BICs 4 Derivatives Volume I: Theory

  This volume introduces the concept of BICs (Basis Instruments Contracts) as the most elementary type of contract to price and hedge any derivatives contract statically. This The Book motivates and introduces the BICs (Basis Instrument Contracts) concept introduced by the author; develop its theoretical and practical framework to address pressing risk management and mathematical issues that the narrower continuous time finance/martingale analysis have failed to handle. It innovates not only from the viewpoint of derivatives pricing and risk management but more fundamentally from the viewpoint mathematical philosophy, theory. Because it is neither written nor presented in the familiar language of current experts, it is easy to dismiss at first, yet its value has been tested and proved. The content of this book is timely with the current financial crisis and the challenges faced by quantitative trading strategies funds. Much of the prescription of the book could have helped avert the severity of the present crisis; the prescriptions on credit market organization were uniquely prescient; BICs would help alleviate liquidity dry-up negative impact on derivatives dynamic hedging; It provides a basis for preventing short selling activity effect on the underlyings prices. Globally, the major contribution of this book is the analytic framework it introduces, develops and the rationale behind it. It represents a major departure from the stochastic process approach as major tool for randomly fluctuating systems analysis of the past century. This approach widens the scope of analysis while at the same time practically simplifying real life problems. Specifically, numerous powerful results are established. For example: • From a purely mathematical standpoint, we establish an a priori unrelated distributional linkage result that essentially makes the use of copulas for distributional linkage redundant and limited in scope. This result can be applied in a variety of fields for multivariate analysis. • From a practical standpoint we show how Levy processes are particularly well suited for derivatives pricing using the Fourier BIC set format and derive various “closed” for all “Moments derivatives” of interest. • From a mathematical finance standpoint, we establish fundamental theorems of asset pricing (FTAP) investigation in the case of a price taker that sees a bid and offer prices for all derivatives contract and in the case of a single market maker that must quote arbitrage free BICs. We also establish a very important “Coase” type theorem that shows the dependence of Derivatives prices on the composing BIC basis. We further establish very important quantitative estimates. • In a timely relevant section on credit risk, we make a strong argument for a unique (actual or virtual) counterparty of reference in all trades to facilitate the measurement and management of individual counterparty credit risk. Indeed, such a framework been in place, regulators and market participants would have better averted the development of the sub-prime mortgage crisis. In the current debate for regulatory reform, the need for such a framework has not been heard. This book could help make the case for a specific focus in this direction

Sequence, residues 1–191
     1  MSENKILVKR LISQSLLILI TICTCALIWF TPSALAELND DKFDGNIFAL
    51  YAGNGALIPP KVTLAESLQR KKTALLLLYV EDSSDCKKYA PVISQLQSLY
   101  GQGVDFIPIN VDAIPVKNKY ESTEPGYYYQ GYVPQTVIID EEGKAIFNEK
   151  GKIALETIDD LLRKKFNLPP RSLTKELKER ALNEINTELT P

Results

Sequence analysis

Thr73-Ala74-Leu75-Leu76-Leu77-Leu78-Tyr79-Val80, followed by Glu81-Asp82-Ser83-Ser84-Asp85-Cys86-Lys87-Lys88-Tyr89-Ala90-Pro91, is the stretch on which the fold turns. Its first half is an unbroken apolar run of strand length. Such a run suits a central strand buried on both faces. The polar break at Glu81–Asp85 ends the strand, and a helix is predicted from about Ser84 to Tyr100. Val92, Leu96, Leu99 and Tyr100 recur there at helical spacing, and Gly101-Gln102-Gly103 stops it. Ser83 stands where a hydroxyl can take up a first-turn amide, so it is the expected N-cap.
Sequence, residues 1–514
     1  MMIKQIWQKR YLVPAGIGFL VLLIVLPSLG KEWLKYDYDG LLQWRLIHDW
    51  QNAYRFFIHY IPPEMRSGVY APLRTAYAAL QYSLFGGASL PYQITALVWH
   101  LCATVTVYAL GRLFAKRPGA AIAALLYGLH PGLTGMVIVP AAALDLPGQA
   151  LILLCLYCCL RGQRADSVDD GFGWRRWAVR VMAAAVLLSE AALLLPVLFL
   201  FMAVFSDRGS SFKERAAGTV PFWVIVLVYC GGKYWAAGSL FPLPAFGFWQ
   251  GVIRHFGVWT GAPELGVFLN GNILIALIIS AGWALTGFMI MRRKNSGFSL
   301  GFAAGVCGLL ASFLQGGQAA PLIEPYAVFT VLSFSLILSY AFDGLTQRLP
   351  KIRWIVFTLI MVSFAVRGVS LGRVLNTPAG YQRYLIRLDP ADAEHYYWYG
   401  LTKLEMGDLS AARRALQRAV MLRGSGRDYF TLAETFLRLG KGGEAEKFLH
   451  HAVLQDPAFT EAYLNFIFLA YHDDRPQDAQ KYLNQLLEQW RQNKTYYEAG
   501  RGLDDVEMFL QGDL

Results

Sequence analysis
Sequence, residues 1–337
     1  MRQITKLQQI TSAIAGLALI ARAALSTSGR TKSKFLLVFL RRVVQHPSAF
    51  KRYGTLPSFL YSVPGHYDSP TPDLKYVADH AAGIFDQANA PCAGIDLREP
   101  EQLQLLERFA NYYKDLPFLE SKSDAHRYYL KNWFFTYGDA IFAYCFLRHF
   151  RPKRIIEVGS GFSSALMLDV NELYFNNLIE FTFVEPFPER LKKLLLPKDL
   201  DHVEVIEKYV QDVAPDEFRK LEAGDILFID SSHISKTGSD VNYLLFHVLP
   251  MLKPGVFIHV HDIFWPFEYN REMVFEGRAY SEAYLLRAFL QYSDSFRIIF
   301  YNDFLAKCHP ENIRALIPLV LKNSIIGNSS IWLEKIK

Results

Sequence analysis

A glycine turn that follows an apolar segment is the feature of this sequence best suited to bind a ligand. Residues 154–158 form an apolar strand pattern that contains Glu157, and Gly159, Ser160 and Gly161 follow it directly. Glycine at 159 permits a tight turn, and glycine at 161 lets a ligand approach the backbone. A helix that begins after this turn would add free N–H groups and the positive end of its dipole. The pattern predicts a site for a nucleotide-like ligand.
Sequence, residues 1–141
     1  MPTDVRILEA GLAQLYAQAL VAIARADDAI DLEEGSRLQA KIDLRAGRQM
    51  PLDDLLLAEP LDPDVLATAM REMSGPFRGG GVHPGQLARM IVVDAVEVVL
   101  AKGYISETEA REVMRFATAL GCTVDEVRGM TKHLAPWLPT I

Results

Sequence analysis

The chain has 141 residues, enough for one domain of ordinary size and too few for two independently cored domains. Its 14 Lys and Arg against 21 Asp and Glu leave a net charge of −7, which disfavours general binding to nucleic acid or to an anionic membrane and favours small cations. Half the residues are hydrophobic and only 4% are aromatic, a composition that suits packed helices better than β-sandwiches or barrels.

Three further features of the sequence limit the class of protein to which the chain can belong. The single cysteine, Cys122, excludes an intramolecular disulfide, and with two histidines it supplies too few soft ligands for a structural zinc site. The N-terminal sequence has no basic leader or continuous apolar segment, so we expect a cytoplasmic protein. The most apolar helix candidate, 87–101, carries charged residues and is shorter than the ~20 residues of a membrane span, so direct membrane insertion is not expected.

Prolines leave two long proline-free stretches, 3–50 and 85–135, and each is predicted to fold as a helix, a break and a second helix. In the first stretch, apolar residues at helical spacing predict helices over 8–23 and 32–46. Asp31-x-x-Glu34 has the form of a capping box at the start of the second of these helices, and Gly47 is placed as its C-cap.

Groundwork of the Metaphysics of Morals by Immanuel Kant